From a UX perspective, the main win that we've found is that the system is very flexible and can often describe more complex subject matter than a flat tag list or ...
Anything is commonly considered organized when it looks like
everything has a correct order or placement. But it's only ultimately
organized if any element has no difference on time taken to find it.
In that sense, organizing can also be defined as to place different
objects in logical arrangement for better searching.
Luke Wroblewski has done a lot of research on web forms.This article on dependent dropdowns would probably answer this question more fully for you.
He breaks selection dependency into a few different visual displays: page display, tabs (section and finger), section selectors, and exposing with radio buttons (below, within, inactive, and groups).
Consider panels that come out from underneath each other to reflect the hierarchy in dimensions. The top is some major classification that you can still trace back. As you go deeper into the hierarchy previous panels slip off to the left. You can go back up the tree by swiping them back to the right.
When you finally hit on an option that has no more ...
This is a great opportunity to get creative.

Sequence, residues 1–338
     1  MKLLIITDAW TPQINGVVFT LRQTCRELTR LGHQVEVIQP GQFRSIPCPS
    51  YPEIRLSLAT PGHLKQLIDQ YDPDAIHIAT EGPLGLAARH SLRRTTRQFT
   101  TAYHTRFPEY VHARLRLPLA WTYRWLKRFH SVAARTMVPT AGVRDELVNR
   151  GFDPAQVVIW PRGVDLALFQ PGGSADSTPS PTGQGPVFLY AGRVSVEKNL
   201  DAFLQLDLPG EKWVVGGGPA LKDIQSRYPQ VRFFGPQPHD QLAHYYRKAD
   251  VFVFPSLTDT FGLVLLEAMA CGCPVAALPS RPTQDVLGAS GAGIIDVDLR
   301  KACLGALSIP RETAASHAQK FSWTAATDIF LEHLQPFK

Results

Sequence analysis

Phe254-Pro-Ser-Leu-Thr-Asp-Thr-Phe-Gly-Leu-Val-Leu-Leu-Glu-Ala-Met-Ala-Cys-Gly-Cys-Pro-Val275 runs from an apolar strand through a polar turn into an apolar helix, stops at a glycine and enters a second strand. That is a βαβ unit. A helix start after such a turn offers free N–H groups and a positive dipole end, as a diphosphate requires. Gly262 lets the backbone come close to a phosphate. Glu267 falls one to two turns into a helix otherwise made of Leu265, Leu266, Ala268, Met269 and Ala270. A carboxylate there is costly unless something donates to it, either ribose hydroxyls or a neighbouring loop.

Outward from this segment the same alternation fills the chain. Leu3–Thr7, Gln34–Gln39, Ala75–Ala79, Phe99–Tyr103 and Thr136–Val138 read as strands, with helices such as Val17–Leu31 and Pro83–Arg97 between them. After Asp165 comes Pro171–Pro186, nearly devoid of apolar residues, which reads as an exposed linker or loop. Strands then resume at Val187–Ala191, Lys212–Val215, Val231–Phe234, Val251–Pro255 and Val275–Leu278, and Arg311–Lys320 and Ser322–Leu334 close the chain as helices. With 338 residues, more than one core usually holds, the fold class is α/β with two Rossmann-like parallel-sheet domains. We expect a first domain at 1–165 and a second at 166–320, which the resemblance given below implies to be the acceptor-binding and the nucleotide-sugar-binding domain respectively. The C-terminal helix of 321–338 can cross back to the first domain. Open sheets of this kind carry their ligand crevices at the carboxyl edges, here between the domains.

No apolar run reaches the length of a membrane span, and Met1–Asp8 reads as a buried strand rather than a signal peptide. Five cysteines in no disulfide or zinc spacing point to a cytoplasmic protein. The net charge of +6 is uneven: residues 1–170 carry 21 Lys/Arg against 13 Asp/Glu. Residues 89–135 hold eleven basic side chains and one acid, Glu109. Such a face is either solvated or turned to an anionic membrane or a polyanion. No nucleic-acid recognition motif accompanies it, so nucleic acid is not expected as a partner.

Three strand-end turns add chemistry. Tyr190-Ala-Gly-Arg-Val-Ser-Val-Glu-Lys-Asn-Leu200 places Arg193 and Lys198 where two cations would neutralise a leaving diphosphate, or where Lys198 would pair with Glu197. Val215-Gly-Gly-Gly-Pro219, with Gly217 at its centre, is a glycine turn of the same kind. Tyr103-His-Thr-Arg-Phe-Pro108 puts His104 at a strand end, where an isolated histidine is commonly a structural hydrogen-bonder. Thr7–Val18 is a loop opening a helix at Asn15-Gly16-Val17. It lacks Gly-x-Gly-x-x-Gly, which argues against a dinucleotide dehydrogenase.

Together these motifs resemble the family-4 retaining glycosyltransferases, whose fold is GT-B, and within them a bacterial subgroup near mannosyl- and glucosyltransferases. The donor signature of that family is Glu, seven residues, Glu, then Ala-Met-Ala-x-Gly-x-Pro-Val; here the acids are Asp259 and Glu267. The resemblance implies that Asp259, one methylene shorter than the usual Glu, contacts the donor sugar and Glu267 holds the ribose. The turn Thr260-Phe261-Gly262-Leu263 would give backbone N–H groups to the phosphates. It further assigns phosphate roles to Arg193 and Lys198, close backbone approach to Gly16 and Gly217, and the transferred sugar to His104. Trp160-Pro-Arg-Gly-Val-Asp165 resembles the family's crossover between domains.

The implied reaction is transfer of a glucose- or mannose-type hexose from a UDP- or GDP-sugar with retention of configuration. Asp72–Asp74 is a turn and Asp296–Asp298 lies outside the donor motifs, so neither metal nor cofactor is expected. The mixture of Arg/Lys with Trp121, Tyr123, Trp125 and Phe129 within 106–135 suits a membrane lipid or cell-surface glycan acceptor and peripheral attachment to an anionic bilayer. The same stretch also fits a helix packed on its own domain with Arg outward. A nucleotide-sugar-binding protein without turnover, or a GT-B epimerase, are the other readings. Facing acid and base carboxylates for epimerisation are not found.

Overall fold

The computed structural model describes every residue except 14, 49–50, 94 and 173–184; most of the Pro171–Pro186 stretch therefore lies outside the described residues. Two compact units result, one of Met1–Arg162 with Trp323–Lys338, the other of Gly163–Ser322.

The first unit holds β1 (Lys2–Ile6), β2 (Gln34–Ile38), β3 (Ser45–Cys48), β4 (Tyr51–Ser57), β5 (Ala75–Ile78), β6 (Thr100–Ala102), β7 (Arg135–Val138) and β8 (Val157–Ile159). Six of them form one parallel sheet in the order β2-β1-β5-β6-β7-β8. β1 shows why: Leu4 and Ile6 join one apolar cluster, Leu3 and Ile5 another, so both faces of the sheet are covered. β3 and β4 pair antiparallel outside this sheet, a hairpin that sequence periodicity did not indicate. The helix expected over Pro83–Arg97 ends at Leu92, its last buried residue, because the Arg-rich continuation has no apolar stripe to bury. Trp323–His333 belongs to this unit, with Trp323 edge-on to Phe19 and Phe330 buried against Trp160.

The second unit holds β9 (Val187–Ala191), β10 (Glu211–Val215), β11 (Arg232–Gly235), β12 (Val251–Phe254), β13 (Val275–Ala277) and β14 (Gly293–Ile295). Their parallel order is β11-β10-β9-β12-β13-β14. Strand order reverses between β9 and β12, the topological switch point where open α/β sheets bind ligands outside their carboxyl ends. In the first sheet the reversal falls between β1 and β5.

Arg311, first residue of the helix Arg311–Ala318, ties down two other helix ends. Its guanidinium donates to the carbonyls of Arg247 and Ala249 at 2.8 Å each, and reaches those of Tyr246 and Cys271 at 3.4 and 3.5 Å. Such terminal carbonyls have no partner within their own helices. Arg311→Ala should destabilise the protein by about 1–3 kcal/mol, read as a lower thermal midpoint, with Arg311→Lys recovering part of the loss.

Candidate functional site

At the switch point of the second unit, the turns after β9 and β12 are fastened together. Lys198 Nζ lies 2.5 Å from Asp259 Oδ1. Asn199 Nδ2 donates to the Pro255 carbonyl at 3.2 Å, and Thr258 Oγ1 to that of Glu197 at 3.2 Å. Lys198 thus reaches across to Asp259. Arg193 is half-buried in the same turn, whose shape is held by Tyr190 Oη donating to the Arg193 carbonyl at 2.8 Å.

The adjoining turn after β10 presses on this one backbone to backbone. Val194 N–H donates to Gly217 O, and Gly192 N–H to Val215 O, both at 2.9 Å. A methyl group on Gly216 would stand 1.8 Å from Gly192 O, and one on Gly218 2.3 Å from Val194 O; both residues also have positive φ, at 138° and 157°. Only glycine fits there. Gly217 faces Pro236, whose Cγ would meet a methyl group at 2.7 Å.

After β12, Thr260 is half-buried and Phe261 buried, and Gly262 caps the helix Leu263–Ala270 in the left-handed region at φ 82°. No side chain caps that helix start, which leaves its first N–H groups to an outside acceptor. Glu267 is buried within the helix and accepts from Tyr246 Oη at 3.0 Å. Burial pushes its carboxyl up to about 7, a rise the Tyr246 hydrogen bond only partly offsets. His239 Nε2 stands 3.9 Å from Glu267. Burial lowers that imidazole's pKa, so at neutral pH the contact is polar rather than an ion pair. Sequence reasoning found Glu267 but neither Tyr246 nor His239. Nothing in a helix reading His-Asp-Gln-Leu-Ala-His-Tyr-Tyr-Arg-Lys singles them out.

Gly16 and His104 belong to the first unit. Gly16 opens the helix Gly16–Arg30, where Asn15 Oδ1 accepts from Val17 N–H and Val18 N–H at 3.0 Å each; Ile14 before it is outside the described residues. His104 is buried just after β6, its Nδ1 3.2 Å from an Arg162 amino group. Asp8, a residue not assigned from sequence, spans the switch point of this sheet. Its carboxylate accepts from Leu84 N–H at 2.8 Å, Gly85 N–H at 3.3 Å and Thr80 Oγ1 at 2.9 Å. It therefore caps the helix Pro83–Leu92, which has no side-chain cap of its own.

download bmml source – Wireframes created with Balsamiq Mockups
Smart programming can take care of your performance issues hopefully. Just load things as you need them. Allow users to hide things they don't care about. Use a tree (it just makes sense logically) but don't let yourself be stuck in linear ...
I have not seen this pattern employed exactly as you describe. My relevant experience in information-rich webapps stems from enterprise health-monitoring and deployment software, which has a deep navigation hierarchy.
In my opinion, the left-navigation and the main content should not both employ accordions.
Left hand navigation is typically vertical, and as ...
When designing for presentation of information, it is important to try and fit the interface as closely to the underlying data structure and the relationships between the different sets of data as possible. In general the aim is to make the relationships as simple as possible, and it might mean also using a combination of data structures if it makes sense to ...
A couple of things spring to mind:
Use Greek letters. Your participants might be less familiar with these so any implicit ordering will be weakened.
Put the numbers/letters on the back where they can't see them. Then just lift the cards to record the order.
This question is quite broad, so I'll try and give a primer. The Graph Drawing entry in Wikipedia makes a good starting point for this genre of visualizations.
Graph Drawing is a general term for pictures that show how things are connected. Synonyms and more specific variants abound: Node-Link Diagram, Relationship Diagram, Network Diagram, Social ...
Microsoft have left the TreeView display in mind when they introduced Windows 8. Now you move down the hierarchy by clicking items (categories) and using the back button to brows back. This is the default style of hierarchical navigation on Windows 8.
So a TreeView control in the style of Windows 7 and previous Windows versions does not apply. Take the ...